Beachum's versatility makes him Steelers' newest center of attention

Kelvin Beachum played strictly left tackle at SMU. The Steelers drafted him last year to play guard. Saturday night, he played tight end. Thursday night, he will play center against the Carolina Panthers and maybe a little tackle, too.

Bill "Spaceman" Lee, 66, played all nine positions on a baseball field in a minor league game last week. Beachum looks to be working on the football version of that.

He will play his fourth position in a game and his second season hasn't begun. What's next? Sending him out on pass routes? Saturday night, the phrase referee Jeff Triplette repeated most often into his microphone was "No. 68 is an eligible receiver."

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"My wife said she kind of got tired of hearing it," Beachum said.

"It would be fun to see him do that," Heath Miller said of the chance Beachum might catch a pass. "I don't know if that's in the plans or not, but we'll see what happens I guess."

Coach Mike Tomlin said he liked what Beachum did as a tight end against Kansas City. So did Miller.

"He's definitely a better blocker than me," Miller said. "They didn't give him a chance to get down the field, so that's still a question mark. We'll see what he can do."

Who could have predicted Beachum would be so versatile? Perhaps those who picked him to be a student rep to the SMU Board of Trustees, or his position on the SMU Student Affairs Leadership Council had an idea of a different versatility. But on the Mustangs' football field, Beachum experienced a luxury he does not have with the Steelers -- he started every game in his four seasons at left tackle, 52 of them.

Here he has been not so much a jack of all trades as a master of them all. Wherever they put him, he has excelled. There are those who believe he should start at tackle, as he did five games in his rookie season, but Beachum said he is happy to help out wherever, whenever. That includes snapping a football for the first time in a game in Charlotte, N.C. Thursday.

He said he is not the least bit nervous about doing something in a game he has been practicing since line coach Jack Bicknell Jr. approached him in the spring about adding center to his repertoire.

"It's football. I've been snapping in practice. I've been practicing it all offseason. I had a chance to work on it during training camp, and I'm still working on it. My snapping has gotten a lot better.

"There comes a point where you just have to play football. Go out there and do your job."

That's the approach he has taken at each position.

"Just learn as much as I can, listen to the coaches, listen to people who played the position. Search out answers, search out for solutions to try to be the best at whatever position I'm at."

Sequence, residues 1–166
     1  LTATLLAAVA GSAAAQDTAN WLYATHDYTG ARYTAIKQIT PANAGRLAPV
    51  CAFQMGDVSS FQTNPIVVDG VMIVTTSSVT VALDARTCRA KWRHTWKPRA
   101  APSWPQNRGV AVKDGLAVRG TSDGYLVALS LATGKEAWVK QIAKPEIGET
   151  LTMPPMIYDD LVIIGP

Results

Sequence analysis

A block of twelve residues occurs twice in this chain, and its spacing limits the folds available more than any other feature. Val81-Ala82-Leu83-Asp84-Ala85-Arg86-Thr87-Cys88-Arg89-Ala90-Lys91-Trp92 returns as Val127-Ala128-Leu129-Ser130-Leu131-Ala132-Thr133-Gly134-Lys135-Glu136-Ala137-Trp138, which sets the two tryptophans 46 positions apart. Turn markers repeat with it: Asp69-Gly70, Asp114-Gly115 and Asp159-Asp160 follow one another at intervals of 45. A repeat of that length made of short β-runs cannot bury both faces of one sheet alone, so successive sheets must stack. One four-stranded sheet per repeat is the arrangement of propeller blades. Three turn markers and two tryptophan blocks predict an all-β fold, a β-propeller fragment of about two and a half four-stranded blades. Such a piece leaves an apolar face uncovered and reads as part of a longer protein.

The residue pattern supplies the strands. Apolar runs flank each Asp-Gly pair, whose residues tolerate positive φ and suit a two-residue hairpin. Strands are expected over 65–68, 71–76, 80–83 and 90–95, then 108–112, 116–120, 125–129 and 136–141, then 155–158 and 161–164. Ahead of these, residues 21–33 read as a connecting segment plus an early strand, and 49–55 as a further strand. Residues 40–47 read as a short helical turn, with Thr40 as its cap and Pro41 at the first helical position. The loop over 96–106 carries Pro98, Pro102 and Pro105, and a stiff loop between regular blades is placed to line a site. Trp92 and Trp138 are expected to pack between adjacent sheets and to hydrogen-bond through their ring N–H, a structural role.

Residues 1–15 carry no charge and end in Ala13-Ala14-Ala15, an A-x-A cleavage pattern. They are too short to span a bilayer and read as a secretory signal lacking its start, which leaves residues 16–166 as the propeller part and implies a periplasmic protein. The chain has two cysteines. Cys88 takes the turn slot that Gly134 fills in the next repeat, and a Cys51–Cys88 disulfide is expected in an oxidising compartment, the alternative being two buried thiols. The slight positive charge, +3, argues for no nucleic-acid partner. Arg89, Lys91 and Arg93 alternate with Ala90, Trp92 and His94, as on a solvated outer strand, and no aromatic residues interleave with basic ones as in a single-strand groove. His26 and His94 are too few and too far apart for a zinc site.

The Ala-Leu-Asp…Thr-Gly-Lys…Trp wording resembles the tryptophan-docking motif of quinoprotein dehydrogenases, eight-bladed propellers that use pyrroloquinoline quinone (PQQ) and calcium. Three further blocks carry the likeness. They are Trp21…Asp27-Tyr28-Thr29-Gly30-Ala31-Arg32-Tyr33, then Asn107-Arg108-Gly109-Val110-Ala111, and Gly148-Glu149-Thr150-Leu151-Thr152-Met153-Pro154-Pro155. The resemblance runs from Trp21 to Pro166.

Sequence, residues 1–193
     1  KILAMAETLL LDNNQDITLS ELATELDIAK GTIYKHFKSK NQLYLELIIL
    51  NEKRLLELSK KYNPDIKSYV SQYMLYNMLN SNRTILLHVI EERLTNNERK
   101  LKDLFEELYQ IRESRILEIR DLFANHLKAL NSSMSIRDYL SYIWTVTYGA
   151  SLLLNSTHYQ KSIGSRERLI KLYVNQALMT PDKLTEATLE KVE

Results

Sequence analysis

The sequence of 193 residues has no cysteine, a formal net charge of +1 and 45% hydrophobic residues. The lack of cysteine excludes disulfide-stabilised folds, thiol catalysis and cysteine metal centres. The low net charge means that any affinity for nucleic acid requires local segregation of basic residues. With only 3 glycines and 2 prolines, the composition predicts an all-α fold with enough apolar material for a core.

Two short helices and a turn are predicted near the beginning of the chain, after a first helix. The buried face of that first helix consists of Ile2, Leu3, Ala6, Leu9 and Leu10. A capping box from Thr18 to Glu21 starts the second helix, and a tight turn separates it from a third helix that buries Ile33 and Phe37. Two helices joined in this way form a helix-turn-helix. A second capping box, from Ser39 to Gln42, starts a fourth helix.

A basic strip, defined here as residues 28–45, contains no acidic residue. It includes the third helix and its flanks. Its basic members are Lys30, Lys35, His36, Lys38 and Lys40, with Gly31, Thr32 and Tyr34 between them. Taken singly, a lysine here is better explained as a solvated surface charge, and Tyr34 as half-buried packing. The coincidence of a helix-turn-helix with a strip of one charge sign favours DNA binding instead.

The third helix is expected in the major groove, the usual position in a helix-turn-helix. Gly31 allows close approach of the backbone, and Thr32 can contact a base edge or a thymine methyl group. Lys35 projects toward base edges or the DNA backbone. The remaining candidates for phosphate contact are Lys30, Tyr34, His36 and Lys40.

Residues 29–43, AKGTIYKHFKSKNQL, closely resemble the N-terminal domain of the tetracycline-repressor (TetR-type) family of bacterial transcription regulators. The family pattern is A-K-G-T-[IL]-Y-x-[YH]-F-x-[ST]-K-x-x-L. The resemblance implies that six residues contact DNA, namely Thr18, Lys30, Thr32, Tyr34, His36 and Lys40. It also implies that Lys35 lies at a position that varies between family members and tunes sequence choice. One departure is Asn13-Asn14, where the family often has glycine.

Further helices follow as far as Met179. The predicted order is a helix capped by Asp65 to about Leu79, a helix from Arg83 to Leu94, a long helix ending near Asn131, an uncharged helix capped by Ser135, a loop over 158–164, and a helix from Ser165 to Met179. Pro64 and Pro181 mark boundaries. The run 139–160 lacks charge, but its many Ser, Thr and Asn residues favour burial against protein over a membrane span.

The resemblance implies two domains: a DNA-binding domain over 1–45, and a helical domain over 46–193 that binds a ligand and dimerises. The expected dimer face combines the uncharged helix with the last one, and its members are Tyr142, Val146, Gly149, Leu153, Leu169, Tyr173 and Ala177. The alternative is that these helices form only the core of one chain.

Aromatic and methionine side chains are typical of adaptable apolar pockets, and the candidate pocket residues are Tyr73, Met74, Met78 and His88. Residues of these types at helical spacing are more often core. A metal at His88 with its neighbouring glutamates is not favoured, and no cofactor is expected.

He claims to have no favorite.

"No, right now it's just wherever they feel I can be the best asset to the team. Whether it's offensive line or playing the big tight end, wherever they feel I need to be, I'm going to play."

The Steelers drafted Beachum in the seventh round in 2012 after 247 other players were chosen by NFL teams.

Needed: extra snapper

It's not the hottest competition in training camp, it might not even be a competition, but, with James Harrison no longer on the team, the question begs: Who is the emergency backup long-snapper?

Greg Warren enters his ninth season as the team's long snapper and, while he did miss portions of the 2008 and 2009 seasons with injuries, they were able to find another long-snapper to replace him each time. But there was that one game in 2008, when Warren was forced out with an injury, and the Steelers were forced to turn to Harrison as their long-snapper.

It came against the New York Giants at Heinz Field. The Steelers were leading, 14-12, midway through the fourth quarter when Mitch Berger dropped back to punt. Harrison's snap sailed over his head and out of the end zone for a safety to tie it at 14 and the Giants went on to win, 21-14.

So, who goes in to snap for punts and field goals if Warren leaves mid-game with an injury?

Quarterback Bruce Gradkowski.

"I'm just an all-around athlete," Gradkowski said, with a smile.

He tried it at Seton-LaSalle High School, although he cannot remember if he ever snapped in a game. He has fooled around with it in practice the way baseball players try to throw knuckleballs. It has gotten him on Tomlin's list as the team's emergency snapper.

If it happens, he might be the first NFL quarterback to make a snap from center, long or short.

"I know we laugh about it, but, if it comes down to it ..." Gradkowski said.

"I enjoy coach Tomlin when he puts a clip on of special teams because that's exciting. If I played any other position, I'd die to be out there on the field with special teams."

Some day, he might get that chance.


For more on the Steelers, read the blog, Ed Bouchette on the Steelers at Ed Bouchette: and Twitter @EdBouchette. First Published August 28, 2013 4:00 AM


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